How do you express love to others, especially your partner? What makes you feel the most loved and cared about? How does your partner express their love? What makes them feel the most loved and cared about? Have you ever asked your partner what makes them feel the most loved? What forms of love are you most comfortable expressing?  What forms are you most uncomfortable expressing? How do these (answers from above) influence your assumptions of what your partner likes?      

An Example of Couples Education

In my past post I shared how I feel like my title should actually be Couple’s Educator instead of Couple’s Counselor.  So this time I thought it might be helpful to share an example of this.  We all know the Golden Rule “do unto others as you would have done unto you,” and many of us try to live by this code.  Seems nice, respectful, helpful, and what “good people” do, right?

What you might not realize, is that when it comes to relationships, the Golden Rule can be the kiss of death!

I’m serious!  This rule that we all learned back in kindergarten can be the downfall of your relationship.

Here’s my example of just how it can be damaging….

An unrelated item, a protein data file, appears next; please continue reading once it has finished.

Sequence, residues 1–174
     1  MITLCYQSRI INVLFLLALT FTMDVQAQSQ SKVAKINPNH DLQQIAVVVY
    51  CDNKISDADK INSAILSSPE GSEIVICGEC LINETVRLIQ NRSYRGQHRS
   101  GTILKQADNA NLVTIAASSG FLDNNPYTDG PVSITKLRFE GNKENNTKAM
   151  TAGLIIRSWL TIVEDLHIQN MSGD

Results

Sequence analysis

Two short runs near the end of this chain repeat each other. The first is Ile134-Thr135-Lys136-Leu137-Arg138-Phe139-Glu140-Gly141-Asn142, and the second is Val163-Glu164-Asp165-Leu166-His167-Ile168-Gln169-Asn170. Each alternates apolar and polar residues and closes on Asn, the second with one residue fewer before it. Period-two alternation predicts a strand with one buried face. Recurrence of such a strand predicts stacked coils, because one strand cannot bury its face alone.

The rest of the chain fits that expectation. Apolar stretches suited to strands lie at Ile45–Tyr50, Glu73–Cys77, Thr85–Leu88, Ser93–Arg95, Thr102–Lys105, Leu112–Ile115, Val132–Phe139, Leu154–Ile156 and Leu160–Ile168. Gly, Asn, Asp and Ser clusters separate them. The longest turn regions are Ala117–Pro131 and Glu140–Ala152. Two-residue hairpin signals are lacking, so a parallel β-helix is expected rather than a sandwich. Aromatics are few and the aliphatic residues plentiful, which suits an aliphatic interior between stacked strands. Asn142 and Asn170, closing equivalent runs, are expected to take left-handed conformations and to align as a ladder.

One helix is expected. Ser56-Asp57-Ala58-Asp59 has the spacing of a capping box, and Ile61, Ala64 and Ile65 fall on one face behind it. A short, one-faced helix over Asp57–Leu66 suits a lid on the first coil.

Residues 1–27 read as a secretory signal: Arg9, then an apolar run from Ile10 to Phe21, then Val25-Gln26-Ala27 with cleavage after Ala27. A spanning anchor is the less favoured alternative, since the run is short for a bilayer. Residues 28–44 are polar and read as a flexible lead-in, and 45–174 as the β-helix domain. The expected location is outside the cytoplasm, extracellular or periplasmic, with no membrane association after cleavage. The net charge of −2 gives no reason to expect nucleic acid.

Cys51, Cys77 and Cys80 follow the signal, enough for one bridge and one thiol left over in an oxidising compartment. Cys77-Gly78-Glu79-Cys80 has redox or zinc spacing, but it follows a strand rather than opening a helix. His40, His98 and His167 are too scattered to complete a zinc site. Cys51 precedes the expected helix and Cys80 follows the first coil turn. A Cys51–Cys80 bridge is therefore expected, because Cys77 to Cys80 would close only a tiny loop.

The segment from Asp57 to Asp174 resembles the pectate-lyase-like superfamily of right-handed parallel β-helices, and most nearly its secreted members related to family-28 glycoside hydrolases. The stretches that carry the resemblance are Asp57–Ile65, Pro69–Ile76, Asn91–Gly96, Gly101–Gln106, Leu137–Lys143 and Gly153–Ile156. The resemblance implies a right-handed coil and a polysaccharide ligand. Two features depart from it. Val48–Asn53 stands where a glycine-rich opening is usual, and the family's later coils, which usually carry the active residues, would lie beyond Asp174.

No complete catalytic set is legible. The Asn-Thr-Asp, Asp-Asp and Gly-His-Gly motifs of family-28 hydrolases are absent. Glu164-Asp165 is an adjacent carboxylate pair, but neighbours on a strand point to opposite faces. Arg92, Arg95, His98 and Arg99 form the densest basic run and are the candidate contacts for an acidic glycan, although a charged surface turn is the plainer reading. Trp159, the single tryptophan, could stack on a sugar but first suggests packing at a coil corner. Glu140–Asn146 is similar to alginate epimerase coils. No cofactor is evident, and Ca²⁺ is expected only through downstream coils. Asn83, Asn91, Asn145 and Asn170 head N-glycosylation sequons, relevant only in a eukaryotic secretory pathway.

Let’s say there is a couple named Ross and Rachael. Ross grew up with 8 brothers and sisters, in the country, with little money.  In his family when it was someone’s birthday they got to pick what the family had for dinner that night, and everyone else pitched in and did their chores for the day. Rachael on the other hand, grew up an only child, in the city, with lot’s of money.  When it was her birthday, her parents threw her huge parties with clown’s, balloon animals, jumping houses, cotton candy machines- the works. As adults, Ross and Rachael meet, fall madly in love, and get married.  During their first year of marriage both really try hard to do things they think the other will like and appreciate, including birthday celebrations.   Ross has the first birthday and Rachael throws him a huge surprise party in their back yard.  All their friends and family are invited, it’s catered, there is live music, and a dance floor- it’s an elaborate celebration.  During the party Ross is a bit withdrawn and quiet and so Rachael asks him, “What’s wrong, don’t you like the party?”  Ross responds with, “You didn’t put this on the credit card, did you?” Rachael is heartbroken and hurt, she bursts into tears and feels totally unappreciated.  Ross feel frustrated, embarrassed, uncomfortable, and totally unsure about what just happened. Then, a few month’s later it’s Rachael’s birthday. Ross makes a point of coming home from early that day and says to her, “Baby, I want to take you out to dinner tonight.  Anywhere you want to go.  You pick it, and we’ll head out.  And, I want you to know that this weekend, no matter what, every single thing on that honey-do list you have for me, it’s getting done!  I don’t care how long it takes me, I promise I’ll get through the whole list.”  Rachael’s response to this birthday offering, “Is that all?!?” Again Rachael feels hurt, let down, and unappreciated.  Ross feels confused, frustrated, and again, totally unsure about what went wrong.